At EU level, harmonized provisions on the composition of nutritional supplements are limited. In addition to a number of specific labeling requirements, Directive 2002/46/EC contains a list of nutrients and their chemical forms that can be used in nutritional supplements. Maximum levels and conditions of use for other substances, such as traditional medicinal plants, traditional herbal preparations and bioactive substances (eg lutein and glucosamine), are not harmonized and therefore fall under national legislation.
However, the Food Supplements Directive has achieved two major vbjectives, providing, first and foremost, a harmonized definition for food supplements, a definition that Member States must apply uniformly and treat products that meet the definition in the same way.
Referring to the second objective, the Directive allows Member States to implement only a notification procedure whereby nutritional supplements are reported to national authorities at the time of their placing on the market. It should be noted that most Member States have introduced such a notification requirement, and some Member States apply it as a marketing authorization procedure. However, in the absence of harmonized regulation at European Union level, some Member States did not consider it necessary to introduce a notification obligation, so that food supplements circulate in their territory without being subject to any notification or marketing authorization procedure.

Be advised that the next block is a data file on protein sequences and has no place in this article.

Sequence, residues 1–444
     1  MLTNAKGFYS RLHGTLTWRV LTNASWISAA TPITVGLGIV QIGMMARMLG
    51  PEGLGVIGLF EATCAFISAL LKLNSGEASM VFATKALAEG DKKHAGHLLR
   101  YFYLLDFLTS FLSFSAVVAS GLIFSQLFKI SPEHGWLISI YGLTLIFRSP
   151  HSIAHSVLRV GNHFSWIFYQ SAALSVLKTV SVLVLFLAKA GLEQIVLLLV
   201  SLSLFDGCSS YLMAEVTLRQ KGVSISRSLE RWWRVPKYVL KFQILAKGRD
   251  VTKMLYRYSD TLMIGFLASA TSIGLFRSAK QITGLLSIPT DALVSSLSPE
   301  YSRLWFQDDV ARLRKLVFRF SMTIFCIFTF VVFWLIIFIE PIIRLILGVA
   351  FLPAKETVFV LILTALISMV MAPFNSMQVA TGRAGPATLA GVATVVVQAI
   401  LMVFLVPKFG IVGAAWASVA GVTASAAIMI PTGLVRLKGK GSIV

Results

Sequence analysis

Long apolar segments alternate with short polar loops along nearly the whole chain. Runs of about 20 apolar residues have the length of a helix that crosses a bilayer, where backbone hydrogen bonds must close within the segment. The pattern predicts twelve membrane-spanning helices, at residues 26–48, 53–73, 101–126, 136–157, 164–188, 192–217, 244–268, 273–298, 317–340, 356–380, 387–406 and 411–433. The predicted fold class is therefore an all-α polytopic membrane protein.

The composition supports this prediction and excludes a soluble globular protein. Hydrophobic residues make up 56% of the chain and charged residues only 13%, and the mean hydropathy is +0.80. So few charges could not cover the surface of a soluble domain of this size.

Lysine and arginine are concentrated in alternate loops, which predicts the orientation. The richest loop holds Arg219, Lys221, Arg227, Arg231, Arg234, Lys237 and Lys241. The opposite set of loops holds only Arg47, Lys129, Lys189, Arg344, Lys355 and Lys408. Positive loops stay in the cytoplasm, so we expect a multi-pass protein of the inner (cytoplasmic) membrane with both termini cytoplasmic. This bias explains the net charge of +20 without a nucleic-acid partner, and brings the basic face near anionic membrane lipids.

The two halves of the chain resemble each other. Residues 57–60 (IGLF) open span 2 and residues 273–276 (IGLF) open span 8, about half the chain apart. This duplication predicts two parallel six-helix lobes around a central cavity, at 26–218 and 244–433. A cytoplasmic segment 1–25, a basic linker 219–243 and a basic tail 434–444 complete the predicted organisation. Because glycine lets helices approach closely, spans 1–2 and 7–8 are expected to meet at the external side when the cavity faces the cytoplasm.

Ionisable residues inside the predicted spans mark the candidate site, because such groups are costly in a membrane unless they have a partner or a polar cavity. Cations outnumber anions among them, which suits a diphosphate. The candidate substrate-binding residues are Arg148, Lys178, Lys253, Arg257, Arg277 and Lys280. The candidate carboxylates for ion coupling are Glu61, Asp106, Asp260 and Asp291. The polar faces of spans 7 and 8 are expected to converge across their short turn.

The limited European harmonization of compositional requirements for nutritional supplements has clearly led to national regulations that differ considerably between Member States, not only in terms of design and scope, but also in terms vf content. There are positive and negative national lists, with permitted or prohibited ingredients, maximum levels, specific labeling requirements and other conditions of use. Often, on the grounds that they do not comply with their national requirements, Member States prevent access from supplements in another Member State, even if those products are legally present on those national markets. Due to these legislative discrepancies, the free movement of nutritional supplements in the European internal market is prevented.